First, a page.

gold investment, silver investment


Gold News Monitor: Global Bubbles Update

June 24, 2015, 11:47 AM Arkadiusz Sieroń , PhD

Gold News Monitor originally sent to subscribers on June 24, 2015, 8:28 AM.

In the Gold News Monitor, we have focused recently on news from the U.S. and the Eurozone. However, interesting things are happening all over the world. What are the recent global developments and what are their implications for the gold market?

Let’s start with Canada, which is struggling with the oil shock. In the first quarter, GDP declined 0.6 percent on an annual basis, the first quarterly drop since 2011. On June 12, the Bank of Canada released its Financial System Review, and pointed out that household indebtedness and the housing bubble were the top two vulnerabilities that threatened Canada’s financial stability. Indeed, the household-debt-to-disposable-income ratio dropped in the first quarter for the first time in four quarters, from its all-time high, to 163.3 percent. Suppressed borrowing could threaten the housing market, which is 30-63 percent overvalued.

Australia is struggling with similar problems. Australian household debt has tripled in 25 years, and Australian households are one of the most indebted in the world. Private sector debt-to-income is currently at an all-time high of 206 percent, up from a pre-global financial crisis level of 191 percent. The OECD has warned recently this country that its housing market could collapse, and said that if commodity prices continued to fall, it would affect overall revenue and the cutbacks in production could become “substantial”.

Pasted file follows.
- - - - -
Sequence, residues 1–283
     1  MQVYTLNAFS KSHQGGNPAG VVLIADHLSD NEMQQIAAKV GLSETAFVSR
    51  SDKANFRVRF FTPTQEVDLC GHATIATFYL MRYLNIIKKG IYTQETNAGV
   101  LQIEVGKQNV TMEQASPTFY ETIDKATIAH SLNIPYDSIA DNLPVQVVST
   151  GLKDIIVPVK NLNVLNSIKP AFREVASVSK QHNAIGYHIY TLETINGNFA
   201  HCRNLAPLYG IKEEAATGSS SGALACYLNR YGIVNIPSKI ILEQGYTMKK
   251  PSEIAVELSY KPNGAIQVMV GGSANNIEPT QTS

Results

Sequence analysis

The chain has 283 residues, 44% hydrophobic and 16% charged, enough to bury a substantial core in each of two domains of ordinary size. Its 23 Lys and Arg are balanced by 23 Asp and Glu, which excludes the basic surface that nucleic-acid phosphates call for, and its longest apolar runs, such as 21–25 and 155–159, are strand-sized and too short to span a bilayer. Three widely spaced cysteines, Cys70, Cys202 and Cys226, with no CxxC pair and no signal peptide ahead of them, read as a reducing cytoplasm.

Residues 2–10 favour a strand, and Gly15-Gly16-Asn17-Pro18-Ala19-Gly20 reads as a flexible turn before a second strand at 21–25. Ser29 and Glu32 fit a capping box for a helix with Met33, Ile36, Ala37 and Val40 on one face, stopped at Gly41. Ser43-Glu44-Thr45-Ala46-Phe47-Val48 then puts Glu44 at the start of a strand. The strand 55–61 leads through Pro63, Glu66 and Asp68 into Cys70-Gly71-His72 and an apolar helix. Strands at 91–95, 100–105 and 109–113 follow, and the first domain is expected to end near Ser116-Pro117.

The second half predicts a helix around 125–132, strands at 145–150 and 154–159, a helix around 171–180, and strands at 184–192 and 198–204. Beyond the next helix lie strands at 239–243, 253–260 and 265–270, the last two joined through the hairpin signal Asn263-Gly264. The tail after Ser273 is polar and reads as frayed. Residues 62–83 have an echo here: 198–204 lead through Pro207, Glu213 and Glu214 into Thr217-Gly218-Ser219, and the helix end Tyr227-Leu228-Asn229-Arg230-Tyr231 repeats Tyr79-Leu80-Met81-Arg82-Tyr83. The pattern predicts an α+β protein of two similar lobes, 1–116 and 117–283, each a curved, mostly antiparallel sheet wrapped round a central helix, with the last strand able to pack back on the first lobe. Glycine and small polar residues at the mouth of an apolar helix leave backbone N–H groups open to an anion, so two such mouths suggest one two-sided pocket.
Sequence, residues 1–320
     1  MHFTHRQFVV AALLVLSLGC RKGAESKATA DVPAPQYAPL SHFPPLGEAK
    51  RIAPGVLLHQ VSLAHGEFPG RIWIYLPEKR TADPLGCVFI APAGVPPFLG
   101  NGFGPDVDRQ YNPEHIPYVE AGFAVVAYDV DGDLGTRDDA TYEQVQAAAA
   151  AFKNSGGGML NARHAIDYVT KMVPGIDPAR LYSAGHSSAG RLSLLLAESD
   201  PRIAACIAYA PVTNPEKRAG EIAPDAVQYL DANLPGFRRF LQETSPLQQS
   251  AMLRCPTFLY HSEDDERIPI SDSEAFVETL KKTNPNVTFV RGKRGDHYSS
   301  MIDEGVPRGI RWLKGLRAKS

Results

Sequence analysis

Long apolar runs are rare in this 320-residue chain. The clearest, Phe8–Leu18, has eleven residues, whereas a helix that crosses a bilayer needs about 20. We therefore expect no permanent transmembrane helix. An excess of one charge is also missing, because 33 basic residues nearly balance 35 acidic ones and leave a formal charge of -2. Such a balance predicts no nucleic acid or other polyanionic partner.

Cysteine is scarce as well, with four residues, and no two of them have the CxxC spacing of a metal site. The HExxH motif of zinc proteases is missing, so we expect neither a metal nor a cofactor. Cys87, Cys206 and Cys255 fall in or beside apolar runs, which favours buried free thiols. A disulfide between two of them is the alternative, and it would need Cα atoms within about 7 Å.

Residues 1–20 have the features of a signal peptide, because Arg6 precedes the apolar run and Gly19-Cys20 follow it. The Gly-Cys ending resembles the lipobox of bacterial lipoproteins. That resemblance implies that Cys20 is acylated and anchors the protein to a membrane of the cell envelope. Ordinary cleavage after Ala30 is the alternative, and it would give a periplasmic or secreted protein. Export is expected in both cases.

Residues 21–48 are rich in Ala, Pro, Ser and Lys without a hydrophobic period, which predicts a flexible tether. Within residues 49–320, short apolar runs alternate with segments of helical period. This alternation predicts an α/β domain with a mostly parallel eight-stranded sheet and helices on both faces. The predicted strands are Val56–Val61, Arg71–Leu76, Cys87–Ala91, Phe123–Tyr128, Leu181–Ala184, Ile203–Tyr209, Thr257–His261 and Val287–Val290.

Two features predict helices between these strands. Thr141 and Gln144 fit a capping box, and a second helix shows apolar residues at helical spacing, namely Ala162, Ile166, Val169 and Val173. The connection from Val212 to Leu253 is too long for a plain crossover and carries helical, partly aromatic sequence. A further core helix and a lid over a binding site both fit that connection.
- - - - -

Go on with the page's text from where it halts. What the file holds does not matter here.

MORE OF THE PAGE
In China the story is a bit more complicated, however, a growing number of analysts say that the recent stock market bubble is going to burst, as China’s market capitalization has tripled in the past year to $9.8 trillion, and valuations almost doubled from levels seen at the peak of China’s last equity boom in 2007. According to the old Wall Street saying, when even the farmers are giving stock tips, then it’s a bubble and it’s time to sell.

Summing up, the global financial markets are definitely not stable. Since 2007, global debt has grown by $57 trillion, raising the ratio of debt to GDP by 17 percentage points. Canadian and Australian households are among the most indebted in the world, which makes these countries vulnerable in the event of another global financial shock. The only reason we have not already seen major disruptions is the stabilization of commodity prices. However, the commodity indices are projected to decline this year, according to the World Bank. Then we will recall the current but suspended crisis, which should support the gold prices.

Thank you.

Arkadiusz Sieron
Sunshine Profits‘ Gold News Monitor and Market Overview Editor

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